On 13 March 1858, the line of electric telegraph from Melbourne via Ballarat to Belfast had been completed and the station at Belfast was opened for public business. The electric telegraph was then complete from Belvoir (Wodonga) in the north-east on the Murray River to the Glenelg River in the west on the South Australian boundary line - a distance of 650 miles. At that time, there were 22 stations on the inter-colonial line in Victoria and 11 in South Australia with another 5 stations nearing completion.

It was not expected that the revenue derivable from messages at Raglan, Streatham or Hexham would defray the expense of the necessary salaries but there was a great advantage of having stations at short intervals so that the locality of any accident to the wire could be speedily discovered and thus any delay to the working of the line would be minimised or obviated.


The Telegraph Offices - construction and fit-out.

On 17 March 1858, The Age reported that "The apparatus for the Warrnambool and Hexham Stations arrived per steamer on Wednesday last. On Thursday (says the Examiner) Mr Rackham, the station master, was engaged fitting the batteries etc, in the Council Chamber which will be used as a temporary office until the proper building is completed. Communication was opened with Melbourne on Thursday afternoon, but there are some defects yet to correct. The line will not be open to the public until next week. Then — Eureka!". The line from Hexham could not be opened until Mr. McGowan arrived but, as the apparatus was already in the office at Hexham, no time would be lost.

On 7 May 1858, the Herald advised that "Some unexplained hitch in the completion of "the circuit" has led to a postponement of communication between Melbourne and Adelaide. On dit, however, that in a day or two at the most, inter-gubernatorial courtesies will be exchanged and we may shortly have the pleasure of announcing the latest bulletin as to Sir Richard Macdonald's health and well-being".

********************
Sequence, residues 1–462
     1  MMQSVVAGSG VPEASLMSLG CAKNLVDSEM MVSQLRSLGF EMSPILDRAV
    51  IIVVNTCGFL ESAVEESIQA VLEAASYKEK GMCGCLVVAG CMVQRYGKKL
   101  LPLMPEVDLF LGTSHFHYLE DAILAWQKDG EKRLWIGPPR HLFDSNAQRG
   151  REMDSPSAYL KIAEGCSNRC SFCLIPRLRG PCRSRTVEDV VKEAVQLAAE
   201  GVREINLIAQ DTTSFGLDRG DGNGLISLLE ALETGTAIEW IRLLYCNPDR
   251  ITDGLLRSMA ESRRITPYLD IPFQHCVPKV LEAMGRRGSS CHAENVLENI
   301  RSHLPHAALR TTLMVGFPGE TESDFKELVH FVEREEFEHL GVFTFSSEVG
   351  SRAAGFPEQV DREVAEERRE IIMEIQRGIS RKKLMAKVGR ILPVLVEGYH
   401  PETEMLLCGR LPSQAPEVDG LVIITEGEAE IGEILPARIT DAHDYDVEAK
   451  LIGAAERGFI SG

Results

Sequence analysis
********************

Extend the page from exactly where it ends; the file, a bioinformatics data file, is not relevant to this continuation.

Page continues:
Telegraph stations along the line opened almost in the order from west to east:


Line operation.

The Victoria-South Australia inter-colonial telegraph line became operational on 22 May 1858 (Todd's Annual Report for the year to 30 June 1858). There was however some drama towards the end as described in The Age of 8 June 1858:

The mysterious accident on the telegraph line between South Australia and Victoria, referred to in His Excellency's address as having prevented the establishment of telegraphic intercourse between the two colonies was, after all, only the throwing down of a post. The South Australian Register explains the whole thing by publishing the following telegram sent by Mr Todd from Guichen Bay to the Commissioner of Public Works at Adelaide:

'Portland has had no communication with Melbourne to-day. He says a post is blown down beyond Hexham and therefore he cannot speak Melbourne to-night. I cannot make any positive arrangement with regard to the opening of the line as my first message to McGowan is still at Portland. I must leave it to your judgment whether to postpone the opening till Saturday. Our line is perfect.'
Perhaps by this time our Government will have received official despatches which have put them in possession of information on a subject which they deemed of sufficient moment to require explicit mention in a Vice Regal speech

A fuller and more complex analysis of the politics of the situation was published on page 5 by The Argus.


Planning the second line.

The importance of the link between Warrnambool, Nelson and Mount Gambier is demonstrated by the commencement of planning for a second inter-colonial line within months of the first Victorian to South Australia line being opened. A second wire was also erected between Geelong and Ballarat to provide an additional facility for the transmission of messages in a high volume context.

As the telegraph became more popular, additional lines were constructed throughout Victoria. These new lines brought rationalisation of the telegraph offices along them. Hence all the offices on the above map gradually became part of other lines. Details of each office can be found through the listing of all Telegraph Offices in Victoria.